These statements are simply proven by Sander’s photographs and in order to illustrate this I have chosen two images which should be suggestive. In 1914, in one of his trips to countryside, Sander took a photograph of three peasants, in Westerwald, who were going to a Sunday dance (Fig.1). One can see no Aryan person in this picture, only three German men proudly wearing suits on their free day. What is intriguing about this picture is the difference between the two men in the right side and the one from the left side. This opposition is sustained by their pose but by the different facial aspect of the peasant from the left side, too. The second image that I have chosen was taken in Düren, in 1930, in a circus camp (Fig.2). In this picture, Sander exposed the ‘Letzte Menschen’ (The Last Man), here strange people used for entertainment. The strongest character in this image is probably the black man on the right, considering the fact that in Nazi Germany the fate of black people was related to persecution.

In this way, by not following the Nazi ideology but, on the contrary, defying it, Sander’s fate was painful: ‘Sander’s book joined other works of art that were driven from the marketplace by the Gestapo, its printing plates destroyed. The photographer’s archives were searched’ (von Hartz, 1977, p.9).

At the end of the 20th Century, in 1996, the contemporary photographer Richard Billingham published a collection of photographs of his family entitled ‘Ray’s a Laugh’. The book is not a simple family album, as he presents his alcoholic father, Ray, his chain smoking and tattooed mother, Liz, and his drug addict brother, Jason, like in a reality show series, in their own flat. According to Outi Remes (2007, p.17), Billingham ‘breaks the taboo of home as a safe, private, and protected haven’. Even though the pictures are disturbing, Billingham said that he was trying just to make order out of chaos when explaining the reason for photographing his dysfunctional family (Caplan, 2010), relating his work to the themes of boredom and addiction.

‘In the 90s, on the back of a recession, many dealers and critics were urgently trying to encourage wider audiences for contemporary art, aiming to dislodge the popular belief that art was a highbrow or obscurest pastime for a small wealthy elite’ (Safe, 2001). Considering this, Billingham fitted perfectly to this strategy, as the audience could easily read the message from the shocking pictures. Moreover, keeping in mind that Billingham’s pictures can be considered family photographs, the viewer is moved even more. Gil Pasternak (2009, p.97) considers that ‘Family photographs also facilitate the reader’s ability to imagine a community which they supposedly belong’.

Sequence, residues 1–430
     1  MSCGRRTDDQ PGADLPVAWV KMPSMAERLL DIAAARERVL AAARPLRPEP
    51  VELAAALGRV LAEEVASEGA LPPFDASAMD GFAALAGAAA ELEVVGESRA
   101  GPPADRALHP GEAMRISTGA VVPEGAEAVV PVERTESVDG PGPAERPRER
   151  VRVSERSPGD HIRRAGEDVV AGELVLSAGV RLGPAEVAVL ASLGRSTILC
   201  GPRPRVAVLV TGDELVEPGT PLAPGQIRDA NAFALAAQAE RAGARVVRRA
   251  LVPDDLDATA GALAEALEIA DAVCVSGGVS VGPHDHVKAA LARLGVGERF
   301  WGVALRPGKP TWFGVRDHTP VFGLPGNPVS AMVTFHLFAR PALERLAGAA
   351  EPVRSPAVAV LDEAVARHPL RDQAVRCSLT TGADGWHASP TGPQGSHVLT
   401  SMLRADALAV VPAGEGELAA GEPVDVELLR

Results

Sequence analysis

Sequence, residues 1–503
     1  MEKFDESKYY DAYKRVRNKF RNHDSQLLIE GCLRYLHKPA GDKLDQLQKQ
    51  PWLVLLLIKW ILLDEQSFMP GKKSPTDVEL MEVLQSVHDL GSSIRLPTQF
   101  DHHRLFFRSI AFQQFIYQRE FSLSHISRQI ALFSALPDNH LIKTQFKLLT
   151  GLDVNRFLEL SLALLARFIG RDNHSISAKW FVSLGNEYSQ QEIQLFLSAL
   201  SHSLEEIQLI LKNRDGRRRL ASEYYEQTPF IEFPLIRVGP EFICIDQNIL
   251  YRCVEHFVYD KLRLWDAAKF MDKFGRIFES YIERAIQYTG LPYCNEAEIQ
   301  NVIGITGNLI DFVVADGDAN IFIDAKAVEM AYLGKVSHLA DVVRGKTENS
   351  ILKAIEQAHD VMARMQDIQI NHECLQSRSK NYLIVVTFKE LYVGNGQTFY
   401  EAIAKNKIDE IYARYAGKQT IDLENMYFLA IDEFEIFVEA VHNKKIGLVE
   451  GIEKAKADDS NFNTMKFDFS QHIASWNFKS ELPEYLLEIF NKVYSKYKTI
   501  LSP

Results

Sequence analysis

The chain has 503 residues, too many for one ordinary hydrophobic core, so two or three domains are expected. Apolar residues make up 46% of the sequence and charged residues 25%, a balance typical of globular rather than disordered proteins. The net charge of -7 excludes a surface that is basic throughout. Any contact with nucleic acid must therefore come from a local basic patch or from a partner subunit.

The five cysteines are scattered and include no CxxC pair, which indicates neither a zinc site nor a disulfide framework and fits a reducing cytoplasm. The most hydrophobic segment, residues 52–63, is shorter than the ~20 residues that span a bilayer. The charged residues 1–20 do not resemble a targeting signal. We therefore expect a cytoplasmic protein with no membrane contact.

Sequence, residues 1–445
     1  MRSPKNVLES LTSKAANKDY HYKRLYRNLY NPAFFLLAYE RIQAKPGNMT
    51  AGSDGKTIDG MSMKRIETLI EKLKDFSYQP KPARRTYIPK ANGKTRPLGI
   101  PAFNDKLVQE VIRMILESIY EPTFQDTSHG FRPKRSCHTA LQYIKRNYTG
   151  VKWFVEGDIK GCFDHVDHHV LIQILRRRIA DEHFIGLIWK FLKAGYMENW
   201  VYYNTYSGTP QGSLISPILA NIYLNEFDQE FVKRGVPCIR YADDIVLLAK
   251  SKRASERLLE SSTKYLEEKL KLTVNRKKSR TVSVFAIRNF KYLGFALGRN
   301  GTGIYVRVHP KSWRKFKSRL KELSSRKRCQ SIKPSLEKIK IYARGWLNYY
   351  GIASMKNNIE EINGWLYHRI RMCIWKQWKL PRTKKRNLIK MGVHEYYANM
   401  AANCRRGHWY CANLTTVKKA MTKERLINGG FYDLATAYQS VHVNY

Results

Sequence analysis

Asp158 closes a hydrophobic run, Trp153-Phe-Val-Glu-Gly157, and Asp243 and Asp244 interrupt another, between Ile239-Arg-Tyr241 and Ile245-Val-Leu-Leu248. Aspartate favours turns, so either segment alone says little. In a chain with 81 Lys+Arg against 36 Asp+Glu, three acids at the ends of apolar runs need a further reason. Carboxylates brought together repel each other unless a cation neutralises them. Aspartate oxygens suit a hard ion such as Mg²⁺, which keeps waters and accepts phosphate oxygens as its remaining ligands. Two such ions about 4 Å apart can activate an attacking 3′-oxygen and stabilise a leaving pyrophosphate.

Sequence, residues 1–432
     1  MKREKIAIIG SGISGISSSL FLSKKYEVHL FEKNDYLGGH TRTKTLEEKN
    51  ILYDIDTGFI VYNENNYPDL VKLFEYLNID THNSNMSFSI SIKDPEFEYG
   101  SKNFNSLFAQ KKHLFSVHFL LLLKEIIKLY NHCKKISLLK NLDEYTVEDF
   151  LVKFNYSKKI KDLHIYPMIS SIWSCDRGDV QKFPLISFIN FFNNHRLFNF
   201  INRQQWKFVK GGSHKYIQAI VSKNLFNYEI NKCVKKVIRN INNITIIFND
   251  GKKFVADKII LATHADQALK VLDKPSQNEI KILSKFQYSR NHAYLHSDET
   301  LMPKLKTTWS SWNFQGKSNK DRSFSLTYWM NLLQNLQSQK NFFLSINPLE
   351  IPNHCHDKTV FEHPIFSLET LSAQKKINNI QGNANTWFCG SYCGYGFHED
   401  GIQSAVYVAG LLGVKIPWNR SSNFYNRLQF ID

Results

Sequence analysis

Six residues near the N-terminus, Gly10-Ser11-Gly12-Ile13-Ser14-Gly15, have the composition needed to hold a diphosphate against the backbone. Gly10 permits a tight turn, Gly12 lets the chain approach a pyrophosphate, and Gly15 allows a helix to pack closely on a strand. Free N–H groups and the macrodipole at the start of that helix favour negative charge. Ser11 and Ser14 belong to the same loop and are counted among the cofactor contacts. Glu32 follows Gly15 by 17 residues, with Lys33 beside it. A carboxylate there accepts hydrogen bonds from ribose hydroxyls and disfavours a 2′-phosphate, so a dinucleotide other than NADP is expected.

In the beginning of ‘Camera Lucida’, Barthes (2000, p.4) does not agree with the classification of photography because the distributions we consider upon it are ‘external to the object, without relation to its essence’, an essence that can be learnt to always be linked to death. Moreover, when writing about the picture of his mother, the ‘Winter Garden Photograph’, he suggests that family photographs are the very pure fragment of photography. They cannot be political, because they can have only a private meaning; in a public environment, they cannot concern in the same way as they do when it comes to a directly involved person. Considering Barthes’ conception, family photographs are neutral, they arouse the interest only of an individual or of a small group of persons and, in this way, they cannot be involved in the taming of photography.

But in 1996 the pure family photography became Art. Richard Billingham was the perfect person at the perfect time at the end of the 20th Century when he came in the spotlight with ‘Ray’s a Laugh’. Billingham (2000) said that he did not intend to shock, to offend, to sensationalize or to be political in his work. He added that he only wants to make work that is as spiritually meaningful as he can make it. Still, he fulfilled the wishes of the dealers and the critics of the time, as I specified above. For exemplifying, I have chosen two pictures from ‘Ray’s a Laugh’ that are illustrative for building this argument. In a picture taken in their living room (Fig.3), Billingham’s mother and father are probably recovering from a fight, as they have blood spots on their faces and hands. Here one can also notice the tautological Ray’s beer (in the background, on the shelf) and Liz’ tattoo, fragments that repeatedly appear in the collection. In the second picture (Fig.4), Billingham presents his father resting on the toilet, certainly a shocking aspect of family life. Billingham keeps the same style throughout the book, presenting his daily struggle in this family album, an unconventional collection of family photographs with a complete lack of happy events captured: no weddings, no birthdays, no graduations.